Mosaics

Autostitching Photo Mosaics

Making Panoramas

A panorama is best captured by a series of pictures with slightly overlapping fields of view, which are stiched together. Using perspective projections, we can create an image mosaic (or panorama) where straight lines are kept straight, but edges may become distorted.

Nonetheless, we can take input images with varying viewing directions of a scene and stitch them together, so long as we can match reference points between the images.

Recover Homographies

Any two images can be related by a 3x3 homography matrix:

While we only need four distinct points to recover a solution, this process is prone to noise, and choosing more correspondence pairs helps in finding a better least squares regression. Here, we can solve for x to recover our homography H.

For now, I manually record coordinate pairs that appear in both images. Later on, we will automate this process.

Image Rectification & Warping

With our correspondence pairs recorded, we can warp the images. For every coordinate value, we can multiply by the inverse homography matrix and recover points to interpolate between, and this helps avoid aliasing. Image rectification allows us to take a planar surface and match its perspective to some output coordinates.

For example, we can warp the following image on the left into correspondence point pairs selected on the right to yield the following warped images of the source (left) onto the target (right) perspective.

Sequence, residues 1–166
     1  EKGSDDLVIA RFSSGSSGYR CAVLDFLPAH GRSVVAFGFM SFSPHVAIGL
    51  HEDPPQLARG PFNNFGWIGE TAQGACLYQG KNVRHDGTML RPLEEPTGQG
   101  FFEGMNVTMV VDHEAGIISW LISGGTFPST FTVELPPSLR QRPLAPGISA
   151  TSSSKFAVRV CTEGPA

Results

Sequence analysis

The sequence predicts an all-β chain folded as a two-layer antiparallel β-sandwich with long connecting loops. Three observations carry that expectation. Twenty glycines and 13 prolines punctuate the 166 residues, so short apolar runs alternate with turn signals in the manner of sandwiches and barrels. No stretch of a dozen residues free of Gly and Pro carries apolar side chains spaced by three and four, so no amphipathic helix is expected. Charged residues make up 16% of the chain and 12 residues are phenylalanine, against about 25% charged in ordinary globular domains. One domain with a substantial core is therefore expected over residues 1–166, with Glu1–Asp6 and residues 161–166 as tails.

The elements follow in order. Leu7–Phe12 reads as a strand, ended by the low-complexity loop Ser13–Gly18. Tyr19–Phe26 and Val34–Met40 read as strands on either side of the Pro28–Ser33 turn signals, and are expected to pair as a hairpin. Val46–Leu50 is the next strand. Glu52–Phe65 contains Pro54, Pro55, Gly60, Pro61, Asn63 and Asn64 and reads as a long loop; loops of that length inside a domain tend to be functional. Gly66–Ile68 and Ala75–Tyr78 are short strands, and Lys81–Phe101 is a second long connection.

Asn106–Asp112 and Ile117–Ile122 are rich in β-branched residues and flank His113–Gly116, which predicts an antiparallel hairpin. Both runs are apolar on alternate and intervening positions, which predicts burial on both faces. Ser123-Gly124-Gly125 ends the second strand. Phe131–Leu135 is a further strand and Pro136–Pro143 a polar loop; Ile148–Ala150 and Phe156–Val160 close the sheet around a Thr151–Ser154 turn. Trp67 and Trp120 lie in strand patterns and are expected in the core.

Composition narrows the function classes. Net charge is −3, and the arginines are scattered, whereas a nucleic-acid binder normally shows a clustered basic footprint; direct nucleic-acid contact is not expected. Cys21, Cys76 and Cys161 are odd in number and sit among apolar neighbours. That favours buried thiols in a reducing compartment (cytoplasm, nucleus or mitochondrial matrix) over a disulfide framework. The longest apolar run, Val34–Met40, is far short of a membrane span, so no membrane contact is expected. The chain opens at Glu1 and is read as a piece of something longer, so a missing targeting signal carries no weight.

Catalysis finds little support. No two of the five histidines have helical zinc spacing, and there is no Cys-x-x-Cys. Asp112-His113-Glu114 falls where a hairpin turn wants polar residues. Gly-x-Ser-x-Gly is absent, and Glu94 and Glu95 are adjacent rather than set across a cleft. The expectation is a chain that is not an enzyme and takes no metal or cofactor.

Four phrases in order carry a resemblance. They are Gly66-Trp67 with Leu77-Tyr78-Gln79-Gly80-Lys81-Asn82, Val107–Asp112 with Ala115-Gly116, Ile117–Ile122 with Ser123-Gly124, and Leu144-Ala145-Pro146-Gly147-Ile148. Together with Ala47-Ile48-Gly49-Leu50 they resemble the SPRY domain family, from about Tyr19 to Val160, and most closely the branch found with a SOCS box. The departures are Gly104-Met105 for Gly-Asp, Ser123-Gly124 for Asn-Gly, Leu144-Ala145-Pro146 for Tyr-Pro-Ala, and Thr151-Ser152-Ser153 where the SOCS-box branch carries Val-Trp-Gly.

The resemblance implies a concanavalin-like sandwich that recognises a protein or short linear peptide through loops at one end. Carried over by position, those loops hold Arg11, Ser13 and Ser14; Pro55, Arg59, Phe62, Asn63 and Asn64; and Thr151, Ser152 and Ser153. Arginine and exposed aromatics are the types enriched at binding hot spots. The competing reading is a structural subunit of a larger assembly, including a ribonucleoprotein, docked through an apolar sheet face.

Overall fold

Feature Detection

Instead of manually selecting our correspondence points, we can compute our image homogrpahy automatically using approaches outlined in the paper “Multi-Image Matching using Multi-Scale Oriented Patches” by Brown et al., but with several simplifications.

Here I implement a Harris Interest Point Detection and Adaptive Non-Maximal Suppression Algorithm, and show the points overlaid on several images. After extracting these features, we can match the pairs that look similar, and use a 4-point RANSAC algorithm to compute a robust homography estimate.

Harris Point Detection

Berkeley Psychology Building

Wildfire & Sky

Tahoe

Adaptive Non-Maximal Suppression

Berkeley Psychology Building

Wildfire & Sky

Tahoe

Autostitching

After recovering the homography transformation and warping a source image into a target image, we can stitch the results together and blend the warps. Using a simple alpha blending technique (outlined in previous projects on this website), we can seamlessly blend the two images together to create our mosaics, and crop the result.

Berkeley Psychology Building

Wildfire & Sky

The difference in contrast pictured above has to do with the difficulty focusing under low light conditions.

Tahoe

Clearly, the trees don't quite align, so let's try that again. This time, with three source images.

Tahoe Remastered

Summary

Implementing algorithms outlined in an academic paper can be challenging, but this was a fun project that revealed some of the truly powerful applications of linear algebra. Selecting all the correspondence pairs can be tough, especially if my selection is off even just slightly, which was the case for the Tahoe picture initially. Nonetheless, panoramas are cool, and with the autostitching algorithm implemented, I have a newfound appreciation for the built-in panorama feature on my smartphone.

Acknowledgements

  • CS 194-26 Course Staff at UC Berkeley
  • Professor Alexei (Alyosha) Efros